This week, NNSA is highlighting its nonproliferation programs that have supported efforts to secure vulnerable nuclear material around the world. In support of President Obama’s Four Year Effort, the Office of International Material Protection and Control (IMPC) works with partner countries to establish a first line of defense that secures warheads and weapons-usable nuclear materials at their source, and a second line of defense at strategic border crossing points, ports, and other locations to deter and detect the illicit transfer of nuclear materials. IMPC’s two complementary programs – Material Protection, Control and Accounting (MPC&A) and Second Line of Defense (SLD)—work with partner countries to: significantly increase the security of vulnerable stockpiles of nuclear weapons and weapons-usable nuclear material (WUNM); reduce the quantity of WUNM by downblending non-weapons-origin HEU into LEU; consolidate nuclear materials into fewer, more defensible, and more sustainable secure locations; and improve the deterrence, detection, and interdiction of illicit trafficking of nuclear and radiological materials.
As part of the Four Year Effort, the MPC&A Program is working collaboratively with our partners to complete security upgrades at nuclear facilities in Russia and the former Soviet Union, and is supporting the downblending of HEU to LEU so that the material can no longer be used for nuclear weapons. The MPC&A Program is also working with China to establish a Center of Excellence for nuclear security best practices training in China, and with India to incorporate nuclear security elements into India's Global Centre of Nuclear Energy Partnership. The SLD Program has deployed thousands of fixed radiation portal monitors at hundreds of sites and dozens of mobile detection units around the world.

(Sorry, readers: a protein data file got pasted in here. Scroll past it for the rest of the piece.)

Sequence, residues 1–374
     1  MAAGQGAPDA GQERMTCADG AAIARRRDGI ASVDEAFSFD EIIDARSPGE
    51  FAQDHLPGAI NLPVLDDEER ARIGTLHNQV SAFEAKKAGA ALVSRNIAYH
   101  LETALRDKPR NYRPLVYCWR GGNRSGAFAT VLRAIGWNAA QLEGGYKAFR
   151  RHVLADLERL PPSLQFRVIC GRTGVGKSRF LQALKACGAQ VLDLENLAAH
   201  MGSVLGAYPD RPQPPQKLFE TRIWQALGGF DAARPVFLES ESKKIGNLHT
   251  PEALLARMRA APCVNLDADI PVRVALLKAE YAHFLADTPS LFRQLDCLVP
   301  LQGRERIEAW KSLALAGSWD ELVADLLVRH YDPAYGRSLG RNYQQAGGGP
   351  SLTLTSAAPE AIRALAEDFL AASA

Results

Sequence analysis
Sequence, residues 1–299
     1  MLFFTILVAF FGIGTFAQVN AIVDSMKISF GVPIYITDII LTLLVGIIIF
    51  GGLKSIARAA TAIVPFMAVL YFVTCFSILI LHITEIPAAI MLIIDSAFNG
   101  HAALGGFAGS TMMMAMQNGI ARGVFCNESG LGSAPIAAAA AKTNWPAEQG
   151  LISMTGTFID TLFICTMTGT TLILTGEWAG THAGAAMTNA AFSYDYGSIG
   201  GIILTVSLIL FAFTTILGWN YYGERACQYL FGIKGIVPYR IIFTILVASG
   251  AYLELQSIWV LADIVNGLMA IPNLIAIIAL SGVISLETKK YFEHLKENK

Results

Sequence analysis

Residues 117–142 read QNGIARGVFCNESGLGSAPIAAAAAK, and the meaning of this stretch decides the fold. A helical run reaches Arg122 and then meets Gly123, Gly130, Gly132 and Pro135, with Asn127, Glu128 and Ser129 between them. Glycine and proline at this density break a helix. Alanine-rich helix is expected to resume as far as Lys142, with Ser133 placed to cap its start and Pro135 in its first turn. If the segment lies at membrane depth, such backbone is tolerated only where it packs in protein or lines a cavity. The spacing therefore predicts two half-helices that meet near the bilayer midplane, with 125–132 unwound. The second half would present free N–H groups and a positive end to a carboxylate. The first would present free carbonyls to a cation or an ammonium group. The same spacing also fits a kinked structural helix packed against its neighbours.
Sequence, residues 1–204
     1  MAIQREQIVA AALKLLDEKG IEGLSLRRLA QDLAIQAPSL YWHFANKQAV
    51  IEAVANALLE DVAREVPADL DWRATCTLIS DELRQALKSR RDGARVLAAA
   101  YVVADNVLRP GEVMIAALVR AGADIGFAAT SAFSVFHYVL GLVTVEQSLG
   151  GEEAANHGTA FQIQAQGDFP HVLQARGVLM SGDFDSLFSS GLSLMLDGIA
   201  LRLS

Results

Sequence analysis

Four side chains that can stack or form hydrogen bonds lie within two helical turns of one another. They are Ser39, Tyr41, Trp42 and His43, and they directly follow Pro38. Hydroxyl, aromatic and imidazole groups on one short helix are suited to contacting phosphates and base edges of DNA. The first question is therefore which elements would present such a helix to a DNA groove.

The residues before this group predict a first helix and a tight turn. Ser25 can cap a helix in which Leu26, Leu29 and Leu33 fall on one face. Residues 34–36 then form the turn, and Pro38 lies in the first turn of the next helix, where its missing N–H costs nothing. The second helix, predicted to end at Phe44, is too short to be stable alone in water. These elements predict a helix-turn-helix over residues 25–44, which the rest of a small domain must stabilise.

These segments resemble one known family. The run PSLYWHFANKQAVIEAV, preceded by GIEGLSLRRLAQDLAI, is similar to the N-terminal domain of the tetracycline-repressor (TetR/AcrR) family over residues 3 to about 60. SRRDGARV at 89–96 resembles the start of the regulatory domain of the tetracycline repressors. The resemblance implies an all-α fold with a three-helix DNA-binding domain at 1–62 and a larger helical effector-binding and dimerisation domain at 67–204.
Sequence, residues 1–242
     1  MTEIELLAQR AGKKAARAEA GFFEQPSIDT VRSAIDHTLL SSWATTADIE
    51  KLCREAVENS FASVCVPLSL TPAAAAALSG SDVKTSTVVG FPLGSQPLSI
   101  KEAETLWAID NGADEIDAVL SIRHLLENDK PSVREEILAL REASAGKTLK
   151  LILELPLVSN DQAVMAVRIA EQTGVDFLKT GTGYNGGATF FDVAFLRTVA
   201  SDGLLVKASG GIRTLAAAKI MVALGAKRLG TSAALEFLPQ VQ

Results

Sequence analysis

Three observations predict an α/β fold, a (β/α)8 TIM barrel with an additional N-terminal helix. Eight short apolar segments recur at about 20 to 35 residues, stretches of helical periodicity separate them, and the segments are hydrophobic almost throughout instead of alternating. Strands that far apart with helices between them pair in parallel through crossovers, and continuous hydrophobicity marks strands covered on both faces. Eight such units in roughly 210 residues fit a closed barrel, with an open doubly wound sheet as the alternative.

IMPC also works to improve partner countries’ nuclear security infrastructure at the site and national level by improving countries’ regulations and procedures, inspections, training, maintenance capabilities, performance testing, life-cycle planning, and nuclear security culture. A recipient country’s capability to secure, reduce, and interdict nuclear materials must be sustained by that country over the long term.
Click here to read more about President Obama’s Four-Year Effort to secure vulnerable nuclear material around the world.
IMPC began in 1994 as a task force to mitigate the security vulnerabilities of special nuclear material arising from the collapse of the Soviet Union. Since that time, the program has evolved into a global effort, engaging over 50 countries to deny terrorists the vital materials needed to engage in acts of nuclear terror.